Her Mother's Ears

My mother was a woman of wide culture, and she had a great many interests which she occupied the leisure left by her singing-lessons. She had mastered six modern languages, and, besides composing, she drew remarkably well. I have a landscape painted by her in sepia in her seventy-sixth year, which might easily be the work of an artist. She was a very clever caricaturist, and we possess several large albums full of the most amusing caricatures of the singers and artists she knew, and of herself; they were drawn by her, and one day will be valuable.

She retained to the last the industry which was natural to her and won for her in her childhood the nickname of "the ant." When I went to see her in 1908, I found her teaching pupils who had no means of their own, and whom she helped in this way. This was her Sunday recreation. When I read this passage to her, she interrupted me to say: "If I am the ant, you, my dear daughter, are the bee." I was deeply touch by her words, which I looked on as the greatest compliment I ever received.

The one great sorrow of her life was the death of her husband. She was so frantic with grief that she tried to throw herself out of a window, and for weeks she had to be carefully watched. It was a very long time before she recovered from the blow. But on the whole I must say that she had as easy a life as any one can desire.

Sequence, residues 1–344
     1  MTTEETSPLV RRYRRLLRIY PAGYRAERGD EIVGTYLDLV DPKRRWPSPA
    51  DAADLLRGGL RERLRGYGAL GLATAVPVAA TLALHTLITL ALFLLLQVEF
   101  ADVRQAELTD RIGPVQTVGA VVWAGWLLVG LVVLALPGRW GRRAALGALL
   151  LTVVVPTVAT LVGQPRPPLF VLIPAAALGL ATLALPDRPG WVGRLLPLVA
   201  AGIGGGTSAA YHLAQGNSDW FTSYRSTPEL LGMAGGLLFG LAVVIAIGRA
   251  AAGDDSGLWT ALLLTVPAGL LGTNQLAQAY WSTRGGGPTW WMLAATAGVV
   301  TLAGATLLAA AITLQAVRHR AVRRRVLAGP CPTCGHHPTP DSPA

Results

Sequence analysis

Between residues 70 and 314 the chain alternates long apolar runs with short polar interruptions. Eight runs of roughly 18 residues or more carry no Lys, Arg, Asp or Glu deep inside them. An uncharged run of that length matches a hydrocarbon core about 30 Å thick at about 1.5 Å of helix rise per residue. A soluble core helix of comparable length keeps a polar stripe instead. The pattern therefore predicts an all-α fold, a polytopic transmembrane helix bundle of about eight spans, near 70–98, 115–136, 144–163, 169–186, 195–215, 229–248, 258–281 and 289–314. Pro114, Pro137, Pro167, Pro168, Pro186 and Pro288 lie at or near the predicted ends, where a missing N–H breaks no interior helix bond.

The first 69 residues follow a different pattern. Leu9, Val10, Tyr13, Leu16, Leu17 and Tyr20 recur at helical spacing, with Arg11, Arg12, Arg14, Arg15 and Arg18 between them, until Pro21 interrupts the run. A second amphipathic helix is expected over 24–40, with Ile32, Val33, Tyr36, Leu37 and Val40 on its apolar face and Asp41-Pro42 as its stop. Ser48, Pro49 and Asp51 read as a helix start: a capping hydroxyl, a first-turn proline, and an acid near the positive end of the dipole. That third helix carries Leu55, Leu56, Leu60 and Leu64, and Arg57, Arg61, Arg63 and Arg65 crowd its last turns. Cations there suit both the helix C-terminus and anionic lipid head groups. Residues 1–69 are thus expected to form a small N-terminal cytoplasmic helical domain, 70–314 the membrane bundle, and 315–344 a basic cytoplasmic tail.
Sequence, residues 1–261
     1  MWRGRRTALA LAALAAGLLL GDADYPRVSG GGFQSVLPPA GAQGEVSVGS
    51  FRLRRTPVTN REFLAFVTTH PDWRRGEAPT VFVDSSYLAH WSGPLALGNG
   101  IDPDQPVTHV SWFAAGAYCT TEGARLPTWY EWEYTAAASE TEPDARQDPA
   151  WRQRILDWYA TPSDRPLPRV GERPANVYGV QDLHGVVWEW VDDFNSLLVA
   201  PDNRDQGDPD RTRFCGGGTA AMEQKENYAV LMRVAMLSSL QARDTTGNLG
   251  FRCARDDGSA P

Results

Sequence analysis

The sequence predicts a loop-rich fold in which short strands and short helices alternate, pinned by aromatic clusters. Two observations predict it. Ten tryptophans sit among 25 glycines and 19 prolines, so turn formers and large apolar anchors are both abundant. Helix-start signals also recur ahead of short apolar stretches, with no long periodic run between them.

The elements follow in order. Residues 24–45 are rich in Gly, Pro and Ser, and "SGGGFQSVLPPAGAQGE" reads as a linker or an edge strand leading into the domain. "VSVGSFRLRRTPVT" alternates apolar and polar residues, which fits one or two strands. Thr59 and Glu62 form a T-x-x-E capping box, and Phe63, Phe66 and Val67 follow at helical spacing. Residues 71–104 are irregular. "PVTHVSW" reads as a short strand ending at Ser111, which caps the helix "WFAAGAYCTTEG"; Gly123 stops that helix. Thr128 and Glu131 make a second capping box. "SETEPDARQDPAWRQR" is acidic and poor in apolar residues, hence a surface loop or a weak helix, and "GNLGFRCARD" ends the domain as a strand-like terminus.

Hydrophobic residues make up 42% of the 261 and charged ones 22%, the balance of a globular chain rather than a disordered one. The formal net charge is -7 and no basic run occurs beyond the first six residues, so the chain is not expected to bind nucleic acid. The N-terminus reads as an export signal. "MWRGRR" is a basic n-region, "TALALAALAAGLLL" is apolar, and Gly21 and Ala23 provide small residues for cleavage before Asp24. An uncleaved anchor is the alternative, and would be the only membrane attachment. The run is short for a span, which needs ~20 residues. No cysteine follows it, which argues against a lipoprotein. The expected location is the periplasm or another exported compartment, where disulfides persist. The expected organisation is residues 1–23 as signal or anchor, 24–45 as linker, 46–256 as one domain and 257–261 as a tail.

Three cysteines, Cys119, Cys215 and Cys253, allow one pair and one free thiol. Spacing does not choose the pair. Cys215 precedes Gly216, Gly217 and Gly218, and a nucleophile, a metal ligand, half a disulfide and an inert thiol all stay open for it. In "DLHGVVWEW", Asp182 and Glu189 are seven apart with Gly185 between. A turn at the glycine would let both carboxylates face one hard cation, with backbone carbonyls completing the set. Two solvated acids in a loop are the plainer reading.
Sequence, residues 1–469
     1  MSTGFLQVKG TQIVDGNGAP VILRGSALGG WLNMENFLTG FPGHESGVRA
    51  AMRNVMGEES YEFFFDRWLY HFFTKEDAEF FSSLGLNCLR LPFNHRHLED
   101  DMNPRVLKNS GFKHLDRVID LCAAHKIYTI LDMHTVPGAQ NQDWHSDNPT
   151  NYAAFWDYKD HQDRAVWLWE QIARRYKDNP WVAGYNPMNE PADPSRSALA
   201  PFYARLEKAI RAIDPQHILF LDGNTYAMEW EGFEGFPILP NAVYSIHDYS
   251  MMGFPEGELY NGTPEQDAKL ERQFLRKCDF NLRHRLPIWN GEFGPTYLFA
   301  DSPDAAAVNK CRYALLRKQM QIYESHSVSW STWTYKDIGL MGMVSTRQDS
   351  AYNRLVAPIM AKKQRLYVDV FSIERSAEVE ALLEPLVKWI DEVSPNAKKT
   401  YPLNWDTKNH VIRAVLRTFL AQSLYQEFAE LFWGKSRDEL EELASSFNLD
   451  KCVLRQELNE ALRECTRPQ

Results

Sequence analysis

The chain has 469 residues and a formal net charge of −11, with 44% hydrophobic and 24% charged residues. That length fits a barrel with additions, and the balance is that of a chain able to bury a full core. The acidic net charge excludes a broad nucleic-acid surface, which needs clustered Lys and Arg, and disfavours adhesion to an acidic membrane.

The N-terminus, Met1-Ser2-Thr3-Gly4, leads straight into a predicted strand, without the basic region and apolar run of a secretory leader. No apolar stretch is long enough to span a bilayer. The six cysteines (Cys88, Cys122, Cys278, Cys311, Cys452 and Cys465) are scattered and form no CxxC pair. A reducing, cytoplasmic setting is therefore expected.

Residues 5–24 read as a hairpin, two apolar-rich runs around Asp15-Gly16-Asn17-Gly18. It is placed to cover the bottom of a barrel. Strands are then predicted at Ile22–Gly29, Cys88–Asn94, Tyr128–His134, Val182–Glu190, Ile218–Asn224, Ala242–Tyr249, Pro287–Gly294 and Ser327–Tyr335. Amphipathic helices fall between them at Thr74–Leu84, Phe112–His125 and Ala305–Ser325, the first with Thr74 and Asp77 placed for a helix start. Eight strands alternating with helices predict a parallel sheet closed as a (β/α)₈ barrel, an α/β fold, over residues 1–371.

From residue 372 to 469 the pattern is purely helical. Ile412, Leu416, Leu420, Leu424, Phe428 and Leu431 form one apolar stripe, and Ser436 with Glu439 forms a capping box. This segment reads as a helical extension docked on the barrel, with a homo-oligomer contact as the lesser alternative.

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I learnt singing first by listening to my mother's lessons. Later on she gave me a few lessons, and she was very strict; sometimes she was so severe that I cried. But still I went on singing, as it was only right that I should do so. 

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I have already spoken of my Uncle Manuel Garcia. A great deal has been written about him, but there are a few anecdotes which are not generally known and which may serve to give a more complete view of his character. He played a very important part in my childhood.

He was very lively and very enthusiastic, but was also subject to outbursts of passion, a fault inherited from his father. He was a regular barrel of gunpowder, but was exceedingly kind-hearted, and possessed a strong sense of justice, and very pronounced sympathies and antipathies and obstinate perseverance. Like my mother, he was tremendously industrious.